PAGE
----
As an ingredient in beer today that is nearly taken for granted by the general populace, hops hasn’t always had a place in the kettle when it comes to brewing. While beer has been around for nearly 5000 years, hops has been a part of the process for only the last 1000 years or so, and only 500 of that with any seriousness. So in relation to the age of beer, hops is still a relatively recent development (if 500 years ago can be deemed as “recent”).
But it’s not as if there wasn’t precedent for adding hops to beer. Back in the days, it was quite common for brewers and farmers to add all sorts of things to their beer, including plants that could either add flavor or further alter one’s state of mind. It was probably in this pursuit that someone, somewhere (likely in Germany) added a bit of hops to the brew. This occurred roughly in the late eleventh century (Wikipedia says 1079). British brewing traditions took a little longer to let hops into their lives, waiting until the early 16th century before accepting hops as part of their beer tradition.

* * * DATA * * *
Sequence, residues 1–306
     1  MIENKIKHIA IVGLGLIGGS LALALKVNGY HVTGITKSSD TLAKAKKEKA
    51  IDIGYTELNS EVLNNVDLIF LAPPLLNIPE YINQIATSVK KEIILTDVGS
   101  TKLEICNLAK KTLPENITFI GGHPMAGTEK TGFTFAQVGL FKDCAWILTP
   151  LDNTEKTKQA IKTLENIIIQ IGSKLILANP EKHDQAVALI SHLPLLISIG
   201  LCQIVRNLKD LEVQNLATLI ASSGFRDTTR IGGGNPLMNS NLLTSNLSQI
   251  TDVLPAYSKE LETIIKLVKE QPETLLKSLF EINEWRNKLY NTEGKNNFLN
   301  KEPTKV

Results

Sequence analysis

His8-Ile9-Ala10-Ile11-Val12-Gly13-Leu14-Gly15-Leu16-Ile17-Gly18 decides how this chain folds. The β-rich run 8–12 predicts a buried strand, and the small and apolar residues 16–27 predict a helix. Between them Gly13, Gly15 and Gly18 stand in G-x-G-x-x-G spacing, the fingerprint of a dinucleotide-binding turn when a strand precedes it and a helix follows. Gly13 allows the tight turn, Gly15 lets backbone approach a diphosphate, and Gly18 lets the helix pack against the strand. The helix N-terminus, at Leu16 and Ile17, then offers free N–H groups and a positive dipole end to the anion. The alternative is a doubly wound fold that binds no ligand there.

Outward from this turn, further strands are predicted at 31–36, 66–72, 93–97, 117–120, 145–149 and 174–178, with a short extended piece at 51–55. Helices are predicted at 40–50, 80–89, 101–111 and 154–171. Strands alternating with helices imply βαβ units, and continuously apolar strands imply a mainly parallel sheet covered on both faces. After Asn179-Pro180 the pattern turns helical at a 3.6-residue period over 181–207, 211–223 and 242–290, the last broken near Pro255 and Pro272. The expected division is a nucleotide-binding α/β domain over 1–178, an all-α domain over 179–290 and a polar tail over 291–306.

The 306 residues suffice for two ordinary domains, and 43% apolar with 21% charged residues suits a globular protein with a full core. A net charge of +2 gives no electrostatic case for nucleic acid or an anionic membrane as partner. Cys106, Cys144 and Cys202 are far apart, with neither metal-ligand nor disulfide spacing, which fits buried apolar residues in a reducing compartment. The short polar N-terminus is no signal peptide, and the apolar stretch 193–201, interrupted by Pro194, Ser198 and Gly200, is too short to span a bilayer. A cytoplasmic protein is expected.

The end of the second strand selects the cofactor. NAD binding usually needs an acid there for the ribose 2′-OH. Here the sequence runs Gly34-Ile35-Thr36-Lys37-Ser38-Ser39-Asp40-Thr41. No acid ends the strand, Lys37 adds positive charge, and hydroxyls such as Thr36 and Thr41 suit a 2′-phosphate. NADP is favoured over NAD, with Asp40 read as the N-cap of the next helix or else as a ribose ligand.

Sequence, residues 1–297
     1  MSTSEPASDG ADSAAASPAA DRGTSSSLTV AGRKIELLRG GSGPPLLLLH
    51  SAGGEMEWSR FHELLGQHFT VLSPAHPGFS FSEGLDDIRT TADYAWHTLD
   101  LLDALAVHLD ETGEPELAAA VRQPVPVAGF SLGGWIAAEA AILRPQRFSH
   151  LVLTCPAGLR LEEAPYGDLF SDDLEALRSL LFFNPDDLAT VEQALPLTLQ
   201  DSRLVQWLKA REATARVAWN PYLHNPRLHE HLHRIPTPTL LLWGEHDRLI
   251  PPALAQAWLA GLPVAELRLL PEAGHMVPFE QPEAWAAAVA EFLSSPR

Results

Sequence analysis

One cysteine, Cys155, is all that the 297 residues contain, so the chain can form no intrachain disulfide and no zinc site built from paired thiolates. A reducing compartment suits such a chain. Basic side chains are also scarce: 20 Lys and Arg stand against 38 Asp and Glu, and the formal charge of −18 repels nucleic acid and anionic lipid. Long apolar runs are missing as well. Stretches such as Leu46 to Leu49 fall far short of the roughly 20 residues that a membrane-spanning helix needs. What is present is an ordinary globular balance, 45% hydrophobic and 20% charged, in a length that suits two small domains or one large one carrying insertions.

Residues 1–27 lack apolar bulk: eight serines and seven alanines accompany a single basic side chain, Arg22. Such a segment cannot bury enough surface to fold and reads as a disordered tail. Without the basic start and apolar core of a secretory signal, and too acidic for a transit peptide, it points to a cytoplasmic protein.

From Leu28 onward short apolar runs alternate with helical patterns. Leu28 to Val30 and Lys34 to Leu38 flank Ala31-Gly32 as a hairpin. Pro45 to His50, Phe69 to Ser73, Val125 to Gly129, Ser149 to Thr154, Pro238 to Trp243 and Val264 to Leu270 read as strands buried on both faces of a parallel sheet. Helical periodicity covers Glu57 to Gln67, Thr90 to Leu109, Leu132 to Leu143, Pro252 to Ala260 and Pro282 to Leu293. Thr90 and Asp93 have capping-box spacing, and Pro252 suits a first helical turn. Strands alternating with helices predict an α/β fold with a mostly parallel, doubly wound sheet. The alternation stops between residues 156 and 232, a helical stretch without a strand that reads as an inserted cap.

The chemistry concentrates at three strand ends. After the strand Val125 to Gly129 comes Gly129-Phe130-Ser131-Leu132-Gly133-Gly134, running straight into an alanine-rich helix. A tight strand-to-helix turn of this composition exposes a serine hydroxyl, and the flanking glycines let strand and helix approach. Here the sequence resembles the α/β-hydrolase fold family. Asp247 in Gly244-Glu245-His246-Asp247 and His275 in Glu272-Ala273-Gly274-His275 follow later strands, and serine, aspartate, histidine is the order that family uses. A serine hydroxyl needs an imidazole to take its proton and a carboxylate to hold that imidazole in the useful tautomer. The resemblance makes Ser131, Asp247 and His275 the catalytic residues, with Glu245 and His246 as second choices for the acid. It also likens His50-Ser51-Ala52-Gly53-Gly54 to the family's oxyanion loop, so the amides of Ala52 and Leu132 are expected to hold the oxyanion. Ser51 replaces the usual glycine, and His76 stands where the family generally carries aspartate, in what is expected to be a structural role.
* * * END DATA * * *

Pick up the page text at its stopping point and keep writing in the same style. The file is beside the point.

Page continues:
One could easily categorize hops into two different types – those that primarily add flavor, and those that primarily add aroma. However, hops do bring a little more than taste and bouquet. For one, hops is a preservative, and adds to the shelf life of beer. As anyone with a basic understanding of markets can tell you, an extended shelf life means extended value.
Hops also allow yeasts to work more efficiently in the wort, although the mechanics of this were unlikely unknown until the past century or so. Back five hundred years ago, the brewers probably found that the hops made the beer have a little more alcoholic kick to them.
What it seems is that with all of the benefits that hops brings to beer, that this relative to marijuana was put on this earth specifically for the brew. It’s as close to a perfect match that one finds in this world.